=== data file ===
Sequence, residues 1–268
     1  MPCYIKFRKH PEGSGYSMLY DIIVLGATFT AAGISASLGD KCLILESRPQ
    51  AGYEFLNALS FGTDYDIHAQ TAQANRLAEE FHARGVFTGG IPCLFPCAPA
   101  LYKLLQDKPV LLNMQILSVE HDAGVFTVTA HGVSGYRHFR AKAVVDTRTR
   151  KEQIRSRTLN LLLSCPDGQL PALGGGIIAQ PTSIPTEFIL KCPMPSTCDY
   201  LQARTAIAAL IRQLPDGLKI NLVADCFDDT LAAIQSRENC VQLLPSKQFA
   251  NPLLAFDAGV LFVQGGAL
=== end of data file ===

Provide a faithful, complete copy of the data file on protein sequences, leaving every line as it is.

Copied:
Sequence, residues 1–268
     1  MPCYIKFRKH PEGSGYSMLY DIIVLGATFT AAGISASLGD KCLILESRPQ
    51  AGYEFLNALS FGTDYDIHAQ TAQANRLAEE FHARGVFTGG IPCLFPCAPA
   101  LYKLLQDKPV LLNMQILSVE HDAGVFTVTA HGVSGYRHFR AKAVVDTRTR
   151  KEQIRSRTLN LLLSCPDGQL PALGGGIIAQ PTSIPTEFIL KCPMPSTCDY
   201  LQARTAIAAL IRQLPDGLKI NLVADCFDDT LAAIQSRENC VQLLPSKQFA
   251  NPLLAFDAGV LFVQGGAL